“Environmental Information in Every Decision” – INNOVIM’s Chief Science Officer Attends the 2016 EUMETSAT Meteorological Satellite Conference

EUMETSAT, the European Organisation for the Exploitation of Meteorological Satellites, welcomed experts in the field of meteorology, climatology and monitoring of the environment to the 2016 EUMETSAT Meteorological Satellite Conference. The conference discussed advances in nowcasting and short-range numerical weather prediction (“limited area modelling”), marine meteorology and oceanography and the Arctic challenge, amongst other topics. It was held in EUMETSAT’s home town of Darmstadt in Germany from 26 to 30 September 2016. Darmstadt holds the official title “City of Science” as it is a major center of scientific institutions, universities, and high-technology companies. This was particularly fitting as 2016 saw the 30th anniversary of EUMETSAT’s establishment in 1986. There were significant keynote talks throughout the week, capped off by a keynote roundtable panel.

2016 EUMETSAT Meteorological Satellite Conference (Photo: EUMESTAT)

2016 EUMETSAT Meteorological Satellite Conference (Photo: EUMETSAT)

INNOVIM’s Chief Science Officer, Dr. Philip Ardanuy, attended the conference and briefed “Environmental Information in Every Decision,” which included contributions from coauthors representing NASA’s Applied Sciences Program Office, NASA’s Earth Science Technology Office, and The Weather Company/IBM, among others. The paper considered several classes of decisions (public/private; corporate/ commercial; real-time/tactical/strategic) and how intersections of technology maturation and evolving societal needs can drive our concepts for exploitation of emerging technologies for, and data collected from, a future satellite observing systems generation. The paper considered seven emerging sea changes in environmental information processing: the Internet of Things, cognitive sciences, multi-disciplinary decision making, emergence of the private sector, ubiquitous low-cost computing, miniaturization of flight systems (e.g., cubesats, nanosats, and “u-scale” satellites), and exascale computing.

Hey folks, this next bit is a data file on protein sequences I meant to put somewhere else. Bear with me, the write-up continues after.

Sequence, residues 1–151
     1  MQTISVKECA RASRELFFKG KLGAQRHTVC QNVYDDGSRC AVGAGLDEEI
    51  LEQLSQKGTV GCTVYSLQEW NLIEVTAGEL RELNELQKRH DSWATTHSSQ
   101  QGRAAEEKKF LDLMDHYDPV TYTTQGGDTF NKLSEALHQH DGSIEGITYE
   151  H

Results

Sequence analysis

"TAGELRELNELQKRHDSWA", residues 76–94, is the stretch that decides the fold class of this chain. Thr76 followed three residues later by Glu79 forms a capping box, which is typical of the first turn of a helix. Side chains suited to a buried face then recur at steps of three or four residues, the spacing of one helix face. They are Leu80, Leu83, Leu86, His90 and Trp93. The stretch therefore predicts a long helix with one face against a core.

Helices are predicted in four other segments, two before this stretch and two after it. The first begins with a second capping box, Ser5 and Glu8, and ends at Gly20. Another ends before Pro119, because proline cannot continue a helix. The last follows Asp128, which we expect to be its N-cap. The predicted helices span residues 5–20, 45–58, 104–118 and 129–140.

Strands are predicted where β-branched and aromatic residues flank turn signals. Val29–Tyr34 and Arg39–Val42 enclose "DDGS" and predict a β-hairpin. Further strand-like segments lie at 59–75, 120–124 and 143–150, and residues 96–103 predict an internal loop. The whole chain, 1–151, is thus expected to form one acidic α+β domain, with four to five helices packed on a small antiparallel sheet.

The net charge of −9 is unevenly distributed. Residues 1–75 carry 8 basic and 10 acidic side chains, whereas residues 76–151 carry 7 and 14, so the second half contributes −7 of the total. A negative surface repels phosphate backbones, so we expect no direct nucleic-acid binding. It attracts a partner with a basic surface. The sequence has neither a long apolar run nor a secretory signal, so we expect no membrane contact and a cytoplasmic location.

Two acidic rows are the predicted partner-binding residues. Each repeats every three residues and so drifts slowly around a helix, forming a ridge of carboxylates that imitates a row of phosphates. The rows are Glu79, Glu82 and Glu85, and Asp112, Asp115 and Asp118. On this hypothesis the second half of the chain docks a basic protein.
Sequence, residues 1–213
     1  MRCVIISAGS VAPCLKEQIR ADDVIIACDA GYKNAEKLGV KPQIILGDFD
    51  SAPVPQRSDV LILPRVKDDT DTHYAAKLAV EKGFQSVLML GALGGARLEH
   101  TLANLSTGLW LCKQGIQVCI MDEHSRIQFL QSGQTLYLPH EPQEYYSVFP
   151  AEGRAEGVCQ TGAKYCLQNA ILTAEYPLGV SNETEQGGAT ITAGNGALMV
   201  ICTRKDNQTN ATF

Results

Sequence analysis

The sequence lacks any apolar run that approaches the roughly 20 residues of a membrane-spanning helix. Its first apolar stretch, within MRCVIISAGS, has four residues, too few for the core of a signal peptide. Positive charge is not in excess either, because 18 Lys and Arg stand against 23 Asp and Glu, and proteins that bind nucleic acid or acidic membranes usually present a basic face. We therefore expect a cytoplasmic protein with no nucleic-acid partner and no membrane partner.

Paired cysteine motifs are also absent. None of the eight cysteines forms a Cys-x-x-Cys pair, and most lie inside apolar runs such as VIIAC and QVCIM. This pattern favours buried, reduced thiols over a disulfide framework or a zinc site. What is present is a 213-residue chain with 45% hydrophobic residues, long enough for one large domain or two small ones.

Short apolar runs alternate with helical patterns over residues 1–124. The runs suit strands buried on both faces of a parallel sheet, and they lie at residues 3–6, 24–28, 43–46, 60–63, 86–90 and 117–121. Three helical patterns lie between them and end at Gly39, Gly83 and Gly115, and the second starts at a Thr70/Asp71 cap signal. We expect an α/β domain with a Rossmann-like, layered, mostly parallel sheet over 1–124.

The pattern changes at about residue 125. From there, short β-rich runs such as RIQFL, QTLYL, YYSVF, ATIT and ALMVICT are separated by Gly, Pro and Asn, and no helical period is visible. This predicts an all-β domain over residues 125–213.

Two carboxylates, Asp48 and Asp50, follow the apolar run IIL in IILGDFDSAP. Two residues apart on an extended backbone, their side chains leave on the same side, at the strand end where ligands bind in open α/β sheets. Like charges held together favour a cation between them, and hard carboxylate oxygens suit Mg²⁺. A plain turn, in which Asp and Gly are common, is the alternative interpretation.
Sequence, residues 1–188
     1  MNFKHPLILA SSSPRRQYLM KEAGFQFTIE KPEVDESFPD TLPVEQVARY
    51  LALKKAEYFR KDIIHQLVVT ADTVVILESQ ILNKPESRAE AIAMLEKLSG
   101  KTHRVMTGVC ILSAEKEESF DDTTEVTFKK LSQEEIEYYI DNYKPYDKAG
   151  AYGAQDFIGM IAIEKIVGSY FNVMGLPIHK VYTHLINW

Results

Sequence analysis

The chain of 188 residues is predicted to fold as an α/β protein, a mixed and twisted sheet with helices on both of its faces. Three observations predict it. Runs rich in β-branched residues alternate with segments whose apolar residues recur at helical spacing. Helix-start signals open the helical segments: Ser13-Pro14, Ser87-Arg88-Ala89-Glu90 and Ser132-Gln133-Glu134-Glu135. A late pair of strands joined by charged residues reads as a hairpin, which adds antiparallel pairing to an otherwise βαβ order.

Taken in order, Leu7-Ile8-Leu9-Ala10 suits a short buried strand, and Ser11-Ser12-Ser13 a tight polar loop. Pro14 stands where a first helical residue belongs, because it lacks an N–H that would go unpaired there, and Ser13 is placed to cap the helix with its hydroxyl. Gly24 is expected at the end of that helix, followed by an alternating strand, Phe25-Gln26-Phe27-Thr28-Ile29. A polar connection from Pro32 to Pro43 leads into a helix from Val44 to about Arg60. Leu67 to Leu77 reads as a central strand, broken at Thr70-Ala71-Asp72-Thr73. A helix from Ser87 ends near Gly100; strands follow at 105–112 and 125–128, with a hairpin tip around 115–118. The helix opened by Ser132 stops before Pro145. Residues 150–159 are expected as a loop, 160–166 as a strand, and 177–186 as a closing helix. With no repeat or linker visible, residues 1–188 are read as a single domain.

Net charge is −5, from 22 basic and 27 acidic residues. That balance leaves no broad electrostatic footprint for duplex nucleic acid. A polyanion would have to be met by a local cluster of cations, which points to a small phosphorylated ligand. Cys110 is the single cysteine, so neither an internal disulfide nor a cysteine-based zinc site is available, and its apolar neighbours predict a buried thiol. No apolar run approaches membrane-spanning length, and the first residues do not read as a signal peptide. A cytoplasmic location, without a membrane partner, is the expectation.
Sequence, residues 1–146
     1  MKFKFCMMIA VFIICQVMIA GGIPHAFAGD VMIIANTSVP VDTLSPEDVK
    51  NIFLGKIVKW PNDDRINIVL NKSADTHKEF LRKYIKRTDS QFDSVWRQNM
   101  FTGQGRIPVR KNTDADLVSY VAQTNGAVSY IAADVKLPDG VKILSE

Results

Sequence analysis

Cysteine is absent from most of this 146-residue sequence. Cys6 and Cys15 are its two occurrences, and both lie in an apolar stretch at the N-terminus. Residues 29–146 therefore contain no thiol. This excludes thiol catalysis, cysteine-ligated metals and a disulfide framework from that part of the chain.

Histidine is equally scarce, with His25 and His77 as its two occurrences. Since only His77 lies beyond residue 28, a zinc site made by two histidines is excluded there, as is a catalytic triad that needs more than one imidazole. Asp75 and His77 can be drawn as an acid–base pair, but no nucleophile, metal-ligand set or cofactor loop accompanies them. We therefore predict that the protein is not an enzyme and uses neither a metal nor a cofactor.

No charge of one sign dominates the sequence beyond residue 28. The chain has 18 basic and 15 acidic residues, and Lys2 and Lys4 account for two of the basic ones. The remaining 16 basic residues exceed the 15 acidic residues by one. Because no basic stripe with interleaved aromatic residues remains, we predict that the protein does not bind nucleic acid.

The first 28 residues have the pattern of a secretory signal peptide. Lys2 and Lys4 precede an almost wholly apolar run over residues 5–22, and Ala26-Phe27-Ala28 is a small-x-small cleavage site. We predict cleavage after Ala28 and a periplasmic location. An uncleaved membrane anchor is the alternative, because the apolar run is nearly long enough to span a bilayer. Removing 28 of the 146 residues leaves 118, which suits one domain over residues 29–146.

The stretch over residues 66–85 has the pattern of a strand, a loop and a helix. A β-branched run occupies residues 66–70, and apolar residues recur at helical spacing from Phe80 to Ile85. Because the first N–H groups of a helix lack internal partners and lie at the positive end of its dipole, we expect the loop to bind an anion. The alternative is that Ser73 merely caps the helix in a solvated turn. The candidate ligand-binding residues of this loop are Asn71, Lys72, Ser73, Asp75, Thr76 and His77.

The self-driving car is a perfect example of an environmental sensor with local cognitive computing and decision making. These things are happening already: a ”smart” building proactively managing its internal environment; a “smart” car initiating traction control based on improved strategic road info, identifying pedestrians in night vision and alerting driver; a farmer’s management system making strategic irrigation decisions. Our new social fabric in access and use of environmental information will likely rapidly evolve in coming decades.

In addition, Dr. Ardanuy represented the American Meteorological Society (AMS) in his capacity as AMS Councilor, and conducted several planning meetings for the upcoming AMS Satellite Conference in Austin, TX (January 2018), and the joint AMS-EUMETSAT Satellite Conference in Boston, MA (September 2019) to be held as a part of the AMS Centenary celebration.

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